New Year’s Resolutions: Why We Keep Making Them

by Doc Orman, M.D.

New Year’s Day is rapidly approaching, so have you been thinking about your resolutions for the upcoming year?   Better yet, are you planning to make any?  And if so, what has your track record been for keeping your New Year’s resolutions in the past?

Are you the type of person who makes New Year’s resolutions and then keeps them 100%?  I didn’t think so.  If  by some chance you’ve been able to keep your resolutions 100% of the time, that’s great.  You can take a well-deserved break from reading this blog and come back next week, once the new year has begun.

For the rest of us, I’m going to devote all three posts this week to examining this interesting tradition of failed promise-making.  In today’s post, I’ll focus on why we keep making New Year’s resolutions every year, even though we have very little confidence that we will keep them.  In the second post this week, I will explore exactly why, in my opinion, most people don’t keep their promises to themselves, not just at New Year’s, but all throughout the year. And in the final post this week, I’m going to give you some suggestions for how you can turn your track record around, and start having more success at keeping your word.

New Year’s Resolutions And Stress

At the time we make our New Year’s resolutions each year, we don’t normally associate this tradition with very much stress.  We are usually hopeful, optimistic, and full of determination to correct some long-standing problem or otherwise improve our life.

The stress usually comes later, say about March, when it becomes crystal clear to us that we haven’t kept our word, and we probably won’t as more time goes by.  So New Year’s resolution stress is more of a delayed-type reaction.  Kind of like unknowingly eating a tasty but spicy food.  It tastes pretty good going down, but then your mouth and tongue start burning 10 seconds later.

Are We Just Gluttons For Emotional Pain?

One theory for why we make resolutions each year, knowing well that we aren’t going to keep them, is that we know, unconsciously, that we are going to fail, and we just want to punish ourselves.  We know that we’re going to feel disappointed with ourselves three or six months into the future, and at some deeper level, we must feel we deserve this pain.

I don’t subscribe to this theory, although there may be a bit of truth to it for some individuals.  I prefer to think that we really do have good intentions, and that we do envision ourselves having long-term success, when we make these optimistic promises every year.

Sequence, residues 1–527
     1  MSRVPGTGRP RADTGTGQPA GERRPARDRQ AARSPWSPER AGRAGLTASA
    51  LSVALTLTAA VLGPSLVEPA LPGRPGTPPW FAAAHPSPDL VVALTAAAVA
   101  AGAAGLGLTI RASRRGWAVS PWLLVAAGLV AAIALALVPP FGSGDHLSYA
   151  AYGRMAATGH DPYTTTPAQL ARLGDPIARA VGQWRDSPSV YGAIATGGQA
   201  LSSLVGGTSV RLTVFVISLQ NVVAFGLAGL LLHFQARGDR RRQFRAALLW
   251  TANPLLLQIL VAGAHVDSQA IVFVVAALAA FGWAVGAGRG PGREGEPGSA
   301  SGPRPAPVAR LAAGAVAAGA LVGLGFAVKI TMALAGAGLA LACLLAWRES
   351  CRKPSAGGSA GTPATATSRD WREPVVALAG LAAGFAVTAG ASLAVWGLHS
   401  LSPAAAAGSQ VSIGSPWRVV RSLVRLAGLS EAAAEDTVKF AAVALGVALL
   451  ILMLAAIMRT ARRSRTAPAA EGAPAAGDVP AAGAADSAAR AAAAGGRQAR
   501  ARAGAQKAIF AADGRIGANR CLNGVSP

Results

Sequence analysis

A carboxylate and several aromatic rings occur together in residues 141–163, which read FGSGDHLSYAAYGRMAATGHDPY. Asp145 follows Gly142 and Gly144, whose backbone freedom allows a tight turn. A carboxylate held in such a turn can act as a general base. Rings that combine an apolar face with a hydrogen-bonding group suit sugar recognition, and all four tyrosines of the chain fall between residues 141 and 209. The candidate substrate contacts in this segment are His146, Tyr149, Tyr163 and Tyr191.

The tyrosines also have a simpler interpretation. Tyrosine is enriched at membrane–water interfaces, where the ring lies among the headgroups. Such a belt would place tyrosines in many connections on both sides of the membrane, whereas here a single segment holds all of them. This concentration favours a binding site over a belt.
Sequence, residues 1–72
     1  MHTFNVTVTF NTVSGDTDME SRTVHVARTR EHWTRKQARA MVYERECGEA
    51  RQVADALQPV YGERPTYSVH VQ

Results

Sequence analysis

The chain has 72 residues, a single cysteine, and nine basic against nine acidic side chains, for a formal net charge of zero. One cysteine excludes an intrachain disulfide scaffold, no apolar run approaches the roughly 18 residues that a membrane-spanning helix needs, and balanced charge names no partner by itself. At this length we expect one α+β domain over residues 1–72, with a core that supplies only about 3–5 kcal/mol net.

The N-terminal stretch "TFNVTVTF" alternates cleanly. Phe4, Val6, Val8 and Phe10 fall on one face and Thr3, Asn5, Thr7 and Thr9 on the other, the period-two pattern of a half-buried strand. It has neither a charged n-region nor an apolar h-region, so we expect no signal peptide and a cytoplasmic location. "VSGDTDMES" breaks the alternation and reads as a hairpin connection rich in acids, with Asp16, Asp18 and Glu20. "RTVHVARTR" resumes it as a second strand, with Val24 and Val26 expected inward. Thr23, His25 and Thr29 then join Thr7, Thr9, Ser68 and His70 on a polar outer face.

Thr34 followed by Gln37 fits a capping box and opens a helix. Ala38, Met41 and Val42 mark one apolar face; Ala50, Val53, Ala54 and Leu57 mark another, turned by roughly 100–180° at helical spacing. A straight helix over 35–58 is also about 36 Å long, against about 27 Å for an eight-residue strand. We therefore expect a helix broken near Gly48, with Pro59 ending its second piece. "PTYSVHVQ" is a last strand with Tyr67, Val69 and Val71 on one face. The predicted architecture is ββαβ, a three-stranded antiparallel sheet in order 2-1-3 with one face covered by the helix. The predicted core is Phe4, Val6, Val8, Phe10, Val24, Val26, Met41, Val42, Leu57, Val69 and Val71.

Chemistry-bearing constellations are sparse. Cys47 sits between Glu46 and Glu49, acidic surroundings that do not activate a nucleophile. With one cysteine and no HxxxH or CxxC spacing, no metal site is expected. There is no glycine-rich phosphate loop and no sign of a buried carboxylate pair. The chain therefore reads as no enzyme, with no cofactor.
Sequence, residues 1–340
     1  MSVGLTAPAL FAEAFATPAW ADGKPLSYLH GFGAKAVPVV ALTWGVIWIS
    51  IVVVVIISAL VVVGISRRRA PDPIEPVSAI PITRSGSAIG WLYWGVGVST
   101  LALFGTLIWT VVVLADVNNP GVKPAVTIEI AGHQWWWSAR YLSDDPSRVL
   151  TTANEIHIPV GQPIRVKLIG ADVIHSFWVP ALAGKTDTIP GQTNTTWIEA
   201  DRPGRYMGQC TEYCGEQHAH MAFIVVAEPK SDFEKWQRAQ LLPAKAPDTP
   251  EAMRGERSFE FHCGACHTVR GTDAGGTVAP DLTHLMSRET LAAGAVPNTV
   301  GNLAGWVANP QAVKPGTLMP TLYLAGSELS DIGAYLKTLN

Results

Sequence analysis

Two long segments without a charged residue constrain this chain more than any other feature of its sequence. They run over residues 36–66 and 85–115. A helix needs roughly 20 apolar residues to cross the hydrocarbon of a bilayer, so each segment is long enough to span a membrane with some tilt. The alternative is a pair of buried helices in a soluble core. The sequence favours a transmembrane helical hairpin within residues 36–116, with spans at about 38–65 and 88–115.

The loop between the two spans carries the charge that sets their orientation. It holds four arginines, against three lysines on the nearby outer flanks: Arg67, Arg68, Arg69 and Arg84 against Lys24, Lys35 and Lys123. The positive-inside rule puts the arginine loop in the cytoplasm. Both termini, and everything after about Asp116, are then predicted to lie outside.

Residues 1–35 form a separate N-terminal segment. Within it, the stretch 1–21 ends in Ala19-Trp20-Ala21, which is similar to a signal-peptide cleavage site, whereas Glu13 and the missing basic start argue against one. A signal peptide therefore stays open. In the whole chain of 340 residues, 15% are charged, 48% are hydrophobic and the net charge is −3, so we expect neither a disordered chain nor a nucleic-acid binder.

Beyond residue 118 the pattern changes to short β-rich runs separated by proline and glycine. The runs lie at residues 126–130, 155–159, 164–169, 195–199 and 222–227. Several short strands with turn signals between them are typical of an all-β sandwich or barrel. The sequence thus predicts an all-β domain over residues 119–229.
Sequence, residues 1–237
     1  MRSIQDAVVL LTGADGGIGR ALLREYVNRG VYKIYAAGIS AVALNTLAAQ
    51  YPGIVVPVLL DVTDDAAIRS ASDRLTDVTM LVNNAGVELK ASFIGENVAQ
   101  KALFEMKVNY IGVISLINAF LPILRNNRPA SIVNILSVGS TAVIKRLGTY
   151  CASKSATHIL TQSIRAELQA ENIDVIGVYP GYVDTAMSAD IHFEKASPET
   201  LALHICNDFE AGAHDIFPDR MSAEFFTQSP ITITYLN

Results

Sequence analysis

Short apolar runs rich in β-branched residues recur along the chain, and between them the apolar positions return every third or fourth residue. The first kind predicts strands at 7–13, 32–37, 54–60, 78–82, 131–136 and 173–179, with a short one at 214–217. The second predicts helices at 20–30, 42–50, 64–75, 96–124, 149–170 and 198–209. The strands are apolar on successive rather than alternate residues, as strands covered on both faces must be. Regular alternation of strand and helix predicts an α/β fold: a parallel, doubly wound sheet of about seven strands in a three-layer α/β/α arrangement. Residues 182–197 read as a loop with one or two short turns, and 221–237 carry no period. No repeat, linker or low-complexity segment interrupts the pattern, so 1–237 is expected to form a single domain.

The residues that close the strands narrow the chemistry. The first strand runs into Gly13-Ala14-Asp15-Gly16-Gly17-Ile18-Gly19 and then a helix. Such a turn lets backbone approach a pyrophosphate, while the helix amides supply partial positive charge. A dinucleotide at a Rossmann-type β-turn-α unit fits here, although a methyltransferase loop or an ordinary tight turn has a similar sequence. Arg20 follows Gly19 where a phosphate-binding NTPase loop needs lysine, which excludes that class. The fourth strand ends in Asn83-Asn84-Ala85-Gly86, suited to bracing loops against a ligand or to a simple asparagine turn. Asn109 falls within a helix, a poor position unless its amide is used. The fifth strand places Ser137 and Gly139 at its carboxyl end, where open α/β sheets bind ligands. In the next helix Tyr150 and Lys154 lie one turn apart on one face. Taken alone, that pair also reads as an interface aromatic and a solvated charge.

It’s just that we make the mistake of thinking that our optimism and our other heightened positive emotions will carry the day.  We repeatedly assume, mistakenly so, that if we just want something badly enough, we will simply follow through on our good intentions.  Then, when this strategy fails, at it usually does, we just conclude, wrongly again, that our mistake was not wanting it badly enough.  Next year, we’ll “really mean it.”

There’s Something Missing Here

When you stop to think about it, it might seem very mysterious why so many people make so many hopeful promises each year (that truly would benefit them) and yet the vast majority fail to keep these promises to themselves.  It might seem that this recurring pattern, manifested by millions of well-intended people every year, is difficult to explain. But for me, the reason is very clear.

Most people don’t understand what truly is needed to make a promise and then keep it.  It’s not as simple as it appears, and it has little to do with the amount of emotion or intention you have when you first make the commitment. Success or failure ultimately hinges on something else, and that hidden factor is what most people fail to recognize and incorporate into their word-keeping plans.

In the next blog post in this series, we’ll examine what this missing component is. Then, in the third post , you’ll see how you can take advantage of this knowledge to influence the outcome, whenever you make a promise in the future.

 

It’s still not too late to benefit from downloading and reading my free holiday stress relief e-book on Facebook.  Just click on the link above, “like” the page, and download this 32-page PDF e-book.  If you want to know more about what’s inside it, just click on the brief 3-minute video at the top of this page.

{ 1 comment… read it below or add one }

Alicia December 28, 2011 at 10:21 AM

I think you need to chip away at bigger goals. It really comes down to the small daily actions and choices you do/make. I’ve given up making resolution­s. Instead, I set intentions – daily – on how I want to live and what my priorities are.

At MeYou Health, where I work, we champion the message that small actions matter. We created an Anti-Resol­ution movement this year to help stop the cycle of shame (and failing) when those big goals don’t pan out. Like dieting or quitting smoking. You can check it out here: http://myh­.be/antire­s

Here’s to a great 2012!
-Alicia
@leximaven

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